4. Construct bird feeders and nectar feeders and provide appropriate foods for “your” birds year-round. The best seeds are suet, flaked maize, sunflower seeds, and peanut pieces (avoid seed mixes that contain large seeds such as dried peas, since only large birds can eat them, and avoid seed mixes with artificially colored lumps since those can be made of anything, from chunks of dyed seeds to bits of dog food). Place these feeders at proper distances from windows or in places where birds can’t be ambushed by predators. In addition to making up for the loss of habitat, feeding birds has the added benefit of providing you and your family with a “birds eye view” of wild and migratory birds as they go about their daily lives. Bird feeders should be cleaned once per week with a stiff brush.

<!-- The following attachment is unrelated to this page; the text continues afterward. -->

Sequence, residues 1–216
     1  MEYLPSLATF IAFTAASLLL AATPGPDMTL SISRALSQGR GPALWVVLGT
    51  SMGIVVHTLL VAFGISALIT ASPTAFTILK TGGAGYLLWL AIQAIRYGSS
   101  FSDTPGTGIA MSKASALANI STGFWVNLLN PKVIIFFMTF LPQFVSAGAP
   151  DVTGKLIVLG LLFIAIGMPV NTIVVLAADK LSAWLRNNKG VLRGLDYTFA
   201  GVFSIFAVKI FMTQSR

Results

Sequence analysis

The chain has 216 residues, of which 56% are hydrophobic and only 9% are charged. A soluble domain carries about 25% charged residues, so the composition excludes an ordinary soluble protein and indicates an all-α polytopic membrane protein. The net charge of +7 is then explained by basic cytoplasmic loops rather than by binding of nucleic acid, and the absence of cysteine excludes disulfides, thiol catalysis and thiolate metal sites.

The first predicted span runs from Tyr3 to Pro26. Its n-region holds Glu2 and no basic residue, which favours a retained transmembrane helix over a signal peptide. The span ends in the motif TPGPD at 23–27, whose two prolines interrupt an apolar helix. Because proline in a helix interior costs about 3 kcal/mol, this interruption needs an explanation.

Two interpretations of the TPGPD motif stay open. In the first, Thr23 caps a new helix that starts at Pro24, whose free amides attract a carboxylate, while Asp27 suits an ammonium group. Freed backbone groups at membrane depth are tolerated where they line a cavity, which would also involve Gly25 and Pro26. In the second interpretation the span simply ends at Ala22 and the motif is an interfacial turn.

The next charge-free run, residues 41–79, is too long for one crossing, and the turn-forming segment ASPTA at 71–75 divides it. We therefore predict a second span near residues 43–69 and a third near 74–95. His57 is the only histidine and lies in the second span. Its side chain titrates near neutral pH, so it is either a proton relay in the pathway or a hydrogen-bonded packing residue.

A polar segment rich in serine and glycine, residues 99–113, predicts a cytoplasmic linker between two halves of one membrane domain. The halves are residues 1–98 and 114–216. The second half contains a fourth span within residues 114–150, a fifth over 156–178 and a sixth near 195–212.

5. Construct nest boxes for birds and either place them on your property or in a local park or wild area. As more and more habitat disappears every year (and because people remove tall trees and snags from their property), birds have fewer places to nest each spring.
  6. Do not use pesticides and avoid or severely limit your use of fertilizers. These destroy insects that birds feed on, poison birds, fish and other wildlife and pets, and also damage the long-term health of humans.
  7. Create a backyard habitat for wild birds by planting native plants, with a special emphasis on fruit and berry-bearing bushes and trees that are favored by migratory birds. Besides being easier to care for, native plants provide shelter, places to raise young, and food sources for wild and migratory birds. Talk to your local garden center to learn which plants are native to your area.